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A mother culture is a term for an earlier people's culture that has a great and widespread influence on some later cultures and people. Though the original culture may fade, the mother culture's influence grows for ages in the future. Later civilizations either learn and build upon their old ways or can learn them through peaceful or military assimilation. Although the term is used by anthropologists and archaeologists, it is used sparingly, since it oversimplifies and in some cases even misrepresents the relationships between cultures.
The most frequently cited examples of mother cultures are Ancient Egypt in the Mediterranean, and the Olmec in Mesoamerica, but they are only 6: Mesopotamia, Egypt, China, Indus River Valley, the Mesoamerican empires including Peru and Olmec
In the work of Daniel Quinn—first mentioned in his 1992 philosophical novel, Ishmael—Mother Culture is used as a collective term for any given culture's most influencing features (its philosophies, attitudes, values, viewpoints, etc.) that, however, are usually not consciously recognized as being culturally-specific by the members of that culture. In other words, Mother Culture is the set of "unquestioned influences" or "hidden premises" that the members of a culture merely take for granted as being universally true (rather than, in fact, being culturally-specific), and that largely determine (1) how the members of that culture experience and view the world, and, therefore, (2) how they actually behave in the world. Because every person is culturally biased to a greater or lesser extent, Quinn reasons that every culture must have a certain crucial element that instills in its members this firm position of bias: this is Mother Culture. Quinn often uses the term Mother Culture as a feminine personification.
According to Quinn, every Mother Culture feeds its followers a particular, culturally-skewed mythology that greatly influences how these people perceive themselves and their environment. Mother Culture works to uphold (and to pacify any dissent against) the culture and its specific worldview. Quinn claims that "every culture has a Mother Culture" but warns that in a self-destructive culture like our own globalized civilization, Mother Culture's promotion of the status quo amounts to captivity, in which we are unable to fathom any alternative lifestyles other than the one Mother Culture tells us to live out (because we cannot think beyond the hidden premises our culture lives by—the cultural "truths" that Mother Culture insists are unquestionable). Unfortunately, because we, as a culture, are destroying the Earth, while many of us would wish to stop this destruction, Quinn asserts that we cannot seem to find the "bars" of our proverbial cage because Mother Culture has given us certain assumptions that we assume without question, never recognizing them as false from the start. Quinn has frequently claimed that two of the most fundamental (but false) premises communicated to us by our Mother Culture, in particular, include the following: "There is only one right way to live: ours" and "We must cling to civilization at all costs, even if it kills us." Quinn further describes such premises in his discussion on memes in Beyond Civilization.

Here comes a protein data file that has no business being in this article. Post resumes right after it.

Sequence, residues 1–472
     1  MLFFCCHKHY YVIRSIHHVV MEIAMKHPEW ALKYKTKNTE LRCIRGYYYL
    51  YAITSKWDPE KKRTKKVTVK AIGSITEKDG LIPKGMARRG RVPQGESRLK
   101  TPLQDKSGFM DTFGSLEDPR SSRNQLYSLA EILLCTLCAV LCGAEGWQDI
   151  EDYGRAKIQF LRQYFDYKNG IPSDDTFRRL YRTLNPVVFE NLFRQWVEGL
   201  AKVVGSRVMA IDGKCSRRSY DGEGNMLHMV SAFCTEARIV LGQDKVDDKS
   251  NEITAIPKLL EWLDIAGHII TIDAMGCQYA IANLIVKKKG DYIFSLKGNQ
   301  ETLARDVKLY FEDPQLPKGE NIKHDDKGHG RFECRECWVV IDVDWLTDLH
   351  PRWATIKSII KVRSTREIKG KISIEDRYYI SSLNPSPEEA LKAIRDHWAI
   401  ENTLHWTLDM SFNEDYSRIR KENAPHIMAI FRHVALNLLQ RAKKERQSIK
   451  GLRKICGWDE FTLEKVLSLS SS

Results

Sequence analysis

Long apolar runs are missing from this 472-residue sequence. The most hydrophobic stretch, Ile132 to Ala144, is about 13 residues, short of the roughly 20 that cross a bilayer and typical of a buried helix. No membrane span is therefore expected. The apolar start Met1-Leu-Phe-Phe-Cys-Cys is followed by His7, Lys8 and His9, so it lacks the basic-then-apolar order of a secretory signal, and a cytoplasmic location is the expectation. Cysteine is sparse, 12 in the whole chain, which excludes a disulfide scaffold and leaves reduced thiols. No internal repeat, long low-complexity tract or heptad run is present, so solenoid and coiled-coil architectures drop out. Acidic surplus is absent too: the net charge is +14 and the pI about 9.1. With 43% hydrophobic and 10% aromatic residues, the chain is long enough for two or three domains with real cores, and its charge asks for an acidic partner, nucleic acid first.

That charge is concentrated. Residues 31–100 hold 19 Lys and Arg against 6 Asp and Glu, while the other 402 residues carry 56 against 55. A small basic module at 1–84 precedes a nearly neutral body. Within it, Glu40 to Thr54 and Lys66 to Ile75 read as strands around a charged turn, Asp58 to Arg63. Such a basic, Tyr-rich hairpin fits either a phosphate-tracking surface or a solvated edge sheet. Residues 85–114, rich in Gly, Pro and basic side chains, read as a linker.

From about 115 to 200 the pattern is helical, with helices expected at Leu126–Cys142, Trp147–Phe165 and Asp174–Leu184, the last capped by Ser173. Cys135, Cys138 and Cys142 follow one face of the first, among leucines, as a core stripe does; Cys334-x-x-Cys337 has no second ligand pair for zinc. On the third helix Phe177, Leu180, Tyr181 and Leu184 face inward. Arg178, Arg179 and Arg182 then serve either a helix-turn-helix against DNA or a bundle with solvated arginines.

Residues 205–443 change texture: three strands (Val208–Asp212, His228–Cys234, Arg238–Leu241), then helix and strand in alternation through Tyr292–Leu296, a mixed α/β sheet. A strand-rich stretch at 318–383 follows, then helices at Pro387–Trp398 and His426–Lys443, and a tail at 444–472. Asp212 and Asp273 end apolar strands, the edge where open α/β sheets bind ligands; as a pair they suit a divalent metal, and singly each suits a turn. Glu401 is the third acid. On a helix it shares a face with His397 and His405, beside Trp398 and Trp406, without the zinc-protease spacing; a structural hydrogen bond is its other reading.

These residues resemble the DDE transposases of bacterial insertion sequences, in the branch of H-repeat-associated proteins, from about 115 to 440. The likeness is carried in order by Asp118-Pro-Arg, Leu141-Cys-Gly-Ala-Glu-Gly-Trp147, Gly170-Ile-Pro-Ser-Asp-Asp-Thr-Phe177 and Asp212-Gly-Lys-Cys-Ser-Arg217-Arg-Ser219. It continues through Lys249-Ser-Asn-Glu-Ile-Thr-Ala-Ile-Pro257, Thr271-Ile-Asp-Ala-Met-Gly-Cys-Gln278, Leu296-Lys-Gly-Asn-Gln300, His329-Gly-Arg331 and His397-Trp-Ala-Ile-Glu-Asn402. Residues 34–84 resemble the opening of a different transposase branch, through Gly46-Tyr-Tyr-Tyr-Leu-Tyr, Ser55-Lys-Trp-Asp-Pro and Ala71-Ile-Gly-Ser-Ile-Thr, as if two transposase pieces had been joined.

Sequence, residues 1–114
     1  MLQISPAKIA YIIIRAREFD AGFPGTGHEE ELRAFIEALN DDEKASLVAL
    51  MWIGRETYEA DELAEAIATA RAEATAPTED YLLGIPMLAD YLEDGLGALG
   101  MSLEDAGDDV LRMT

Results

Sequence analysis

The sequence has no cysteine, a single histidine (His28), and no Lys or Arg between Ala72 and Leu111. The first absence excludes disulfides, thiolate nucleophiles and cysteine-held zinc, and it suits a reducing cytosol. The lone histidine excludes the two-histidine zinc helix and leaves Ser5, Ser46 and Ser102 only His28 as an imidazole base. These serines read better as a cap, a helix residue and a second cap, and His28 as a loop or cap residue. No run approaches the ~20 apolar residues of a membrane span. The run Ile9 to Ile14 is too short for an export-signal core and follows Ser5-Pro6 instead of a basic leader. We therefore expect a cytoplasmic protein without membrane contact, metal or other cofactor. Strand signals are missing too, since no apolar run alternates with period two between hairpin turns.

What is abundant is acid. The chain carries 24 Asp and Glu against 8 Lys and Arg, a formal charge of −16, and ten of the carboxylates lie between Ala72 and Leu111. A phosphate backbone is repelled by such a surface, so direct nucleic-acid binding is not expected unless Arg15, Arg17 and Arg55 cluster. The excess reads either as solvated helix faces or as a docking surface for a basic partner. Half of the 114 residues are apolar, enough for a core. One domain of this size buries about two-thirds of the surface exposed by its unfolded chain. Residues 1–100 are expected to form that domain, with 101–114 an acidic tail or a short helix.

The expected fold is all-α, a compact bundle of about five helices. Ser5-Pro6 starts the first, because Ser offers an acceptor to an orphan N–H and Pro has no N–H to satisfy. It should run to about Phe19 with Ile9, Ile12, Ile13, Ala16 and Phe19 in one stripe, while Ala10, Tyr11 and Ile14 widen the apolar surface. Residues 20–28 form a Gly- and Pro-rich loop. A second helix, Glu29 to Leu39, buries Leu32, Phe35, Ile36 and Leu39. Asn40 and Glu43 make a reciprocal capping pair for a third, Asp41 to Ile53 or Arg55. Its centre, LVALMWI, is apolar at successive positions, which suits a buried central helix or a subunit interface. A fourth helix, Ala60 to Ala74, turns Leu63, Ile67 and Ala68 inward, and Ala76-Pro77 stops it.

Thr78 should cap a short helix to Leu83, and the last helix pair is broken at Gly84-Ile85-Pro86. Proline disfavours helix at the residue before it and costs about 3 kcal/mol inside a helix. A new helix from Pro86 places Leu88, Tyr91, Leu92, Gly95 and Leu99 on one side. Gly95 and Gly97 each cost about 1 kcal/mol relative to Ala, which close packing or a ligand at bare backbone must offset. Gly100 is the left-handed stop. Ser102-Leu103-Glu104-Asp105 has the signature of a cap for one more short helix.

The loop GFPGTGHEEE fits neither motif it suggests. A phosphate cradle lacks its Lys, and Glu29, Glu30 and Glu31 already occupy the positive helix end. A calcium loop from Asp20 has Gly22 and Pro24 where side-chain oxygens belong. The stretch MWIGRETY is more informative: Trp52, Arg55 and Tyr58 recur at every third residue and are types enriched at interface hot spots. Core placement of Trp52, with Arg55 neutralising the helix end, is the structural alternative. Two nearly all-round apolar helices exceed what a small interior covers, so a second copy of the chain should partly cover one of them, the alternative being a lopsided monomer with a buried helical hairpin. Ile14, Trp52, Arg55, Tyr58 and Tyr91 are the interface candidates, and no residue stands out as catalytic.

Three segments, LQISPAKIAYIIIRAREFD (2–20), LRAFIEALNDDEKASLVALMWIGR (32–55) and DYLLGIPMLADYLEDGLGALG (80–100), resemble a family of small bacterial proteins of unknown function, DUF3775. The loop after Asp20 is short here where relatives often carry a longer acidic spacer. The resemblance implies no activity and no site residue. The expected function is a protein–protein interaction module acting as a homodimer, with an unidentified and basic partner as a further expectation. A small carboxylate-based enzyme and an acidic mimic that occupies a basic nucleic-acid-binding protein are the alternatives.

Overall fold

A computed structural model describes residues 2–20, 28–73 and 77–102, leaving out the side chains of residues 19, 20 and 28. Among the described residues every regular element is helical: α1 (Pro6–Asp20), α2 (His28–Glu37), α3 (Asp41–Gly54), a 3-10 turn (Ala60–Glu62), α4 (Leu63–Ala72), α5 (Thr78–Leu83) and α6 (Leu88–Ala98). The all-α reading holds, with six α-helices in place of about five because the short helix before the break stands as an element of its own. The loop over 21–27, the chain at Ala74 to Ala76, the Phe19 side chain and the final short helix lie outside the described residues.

- "Early civilisations from around the world: Mesopotamia, China, Indus River Valley, the Mesoamerican empires". sahistory.org.za. Retrieved 2021-10-09.